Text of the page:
This chapter begins by analyzing metaphoric and spatialized conceptualizations of time in theories of human social evolution, from the late eighteenth and early nineteenth century onwards. The situatedness in European imperial conquest of the concept of social progress, as well as the denial of coevalness to non-Western peoples, is emphasized. The projection of this conceptual “phylocultural complex” onto early human evolution is described, as well as the reaction against it from the early twentieth century onwards. The roots of deterministic narratives of “agriculture as destiny” in nineteenth century anthropology are explored, and the contemporary counter-narrative of the “return of coevalness” is described in relation to co-evolutionary theories of hominin evolution, the social systems of historic human societies, and the impact of colonization on indigenous non-Western societies. The chapter concludes by summarizing the evidence for a “globalization of time” in the late sixteenth and early seventeenth centuries, set in train by the European conquest of the Americas, and ushering in the Anthropocene epoch.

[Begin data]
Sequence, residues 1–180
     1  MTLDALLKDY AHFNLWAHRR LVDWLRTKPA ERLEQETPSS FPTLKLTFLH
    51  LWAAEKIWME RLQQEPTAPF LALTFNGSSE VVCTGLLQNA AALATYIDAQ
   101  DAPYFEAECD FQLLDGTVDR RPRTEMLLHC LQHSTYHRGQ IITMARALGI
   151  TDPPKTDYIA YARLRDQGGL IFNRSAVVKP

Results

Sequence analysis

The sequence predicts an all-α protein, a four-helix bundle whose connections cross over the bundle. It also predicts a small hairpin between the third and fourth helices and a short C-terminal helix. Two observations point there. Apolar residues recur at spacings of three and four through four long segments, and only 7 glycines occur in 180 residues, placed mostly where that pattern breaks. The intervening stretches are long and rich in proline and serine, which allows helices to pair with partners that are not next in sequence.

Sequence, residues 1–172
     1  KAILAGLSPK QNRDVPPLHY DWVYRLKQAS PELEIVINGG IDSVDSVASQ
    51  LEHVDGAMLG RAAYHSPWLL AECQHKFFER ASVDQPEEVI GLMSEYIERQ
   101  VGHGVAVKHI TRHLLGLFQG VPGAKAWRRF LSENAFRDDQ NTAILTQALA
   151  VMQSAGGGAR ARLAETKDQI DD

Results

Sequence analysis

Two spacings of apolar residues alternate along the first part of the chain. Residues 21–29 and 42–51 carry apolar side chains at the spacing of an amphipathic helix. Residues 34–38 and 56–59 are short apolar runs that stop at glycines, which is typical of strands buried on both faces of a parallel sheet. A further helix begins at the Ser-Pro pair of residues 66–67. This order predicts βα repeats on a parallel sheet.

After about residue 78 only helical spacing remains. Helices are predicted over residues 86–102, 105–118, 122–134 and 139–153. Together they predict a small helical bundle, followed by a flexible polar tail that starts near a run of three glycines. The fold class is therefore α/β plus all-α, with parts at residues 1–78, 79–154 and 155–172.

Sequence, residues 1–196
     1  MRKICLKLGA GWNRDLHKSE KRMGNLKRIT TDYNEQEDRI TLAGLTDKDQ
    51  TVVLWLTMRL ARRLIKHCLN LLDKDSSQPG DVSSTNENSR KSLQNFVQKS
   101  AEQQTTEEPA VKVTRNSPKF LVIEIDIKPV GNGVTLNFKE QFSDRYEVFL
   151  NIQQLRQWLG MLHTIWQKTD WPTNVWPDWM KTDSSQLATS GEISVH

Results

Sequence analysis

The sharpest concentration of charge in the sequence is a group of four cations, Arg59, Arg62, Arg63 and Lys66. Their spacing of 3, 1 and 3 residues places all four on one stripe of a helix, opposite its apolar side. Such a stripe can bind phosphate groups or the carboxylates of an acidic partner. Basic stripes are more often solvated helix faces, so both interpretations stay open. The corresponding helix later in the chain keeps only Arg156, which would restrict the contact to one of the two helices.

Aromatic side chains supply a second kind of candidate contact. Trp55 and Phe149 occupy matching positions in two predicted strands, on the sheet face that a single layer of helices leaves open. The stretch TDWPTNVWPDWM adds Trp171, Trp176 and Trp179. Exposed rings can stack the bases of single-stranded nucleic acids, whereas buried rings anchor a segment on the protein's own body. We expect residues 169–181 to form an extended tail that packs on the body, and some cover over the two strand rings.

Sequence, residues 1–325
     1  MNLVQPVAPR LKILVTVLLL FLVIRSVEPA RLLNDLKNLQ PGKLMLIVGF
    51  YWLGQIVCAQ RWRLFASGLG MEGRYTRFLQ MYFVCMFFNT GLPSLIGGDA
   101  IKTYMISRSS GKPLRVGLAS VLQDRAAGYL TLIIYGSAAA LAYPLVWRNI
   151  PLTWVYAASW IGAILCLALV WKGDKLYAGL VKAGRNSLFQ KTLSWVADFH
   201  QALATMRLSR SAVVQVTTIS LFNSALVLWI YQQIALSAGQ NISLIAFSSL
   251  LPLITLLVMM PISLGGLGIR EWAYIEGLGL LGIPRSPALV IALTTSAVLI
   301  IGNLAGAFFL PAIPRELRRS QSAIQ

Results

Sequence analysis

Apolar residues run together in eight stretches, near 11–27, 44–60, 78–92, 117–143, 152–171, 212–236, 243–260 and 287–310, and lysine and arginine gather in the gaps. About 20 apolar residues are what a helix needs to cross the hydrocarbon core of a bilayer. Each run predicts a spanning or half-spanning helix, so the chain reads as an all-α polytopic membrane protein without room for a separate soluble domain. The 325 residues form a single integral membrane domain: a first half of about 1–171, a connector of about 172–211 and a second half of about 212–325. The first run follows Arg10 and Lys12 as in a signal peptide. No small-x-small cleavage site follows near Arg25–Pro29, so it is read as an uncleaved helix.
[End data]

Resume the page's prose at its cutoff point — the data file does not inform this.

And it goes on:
|Title of host publication
|The Oxford Handbook of Human Symbolic Evolution
|Oxford University Press
|Published - 25 Jan 2024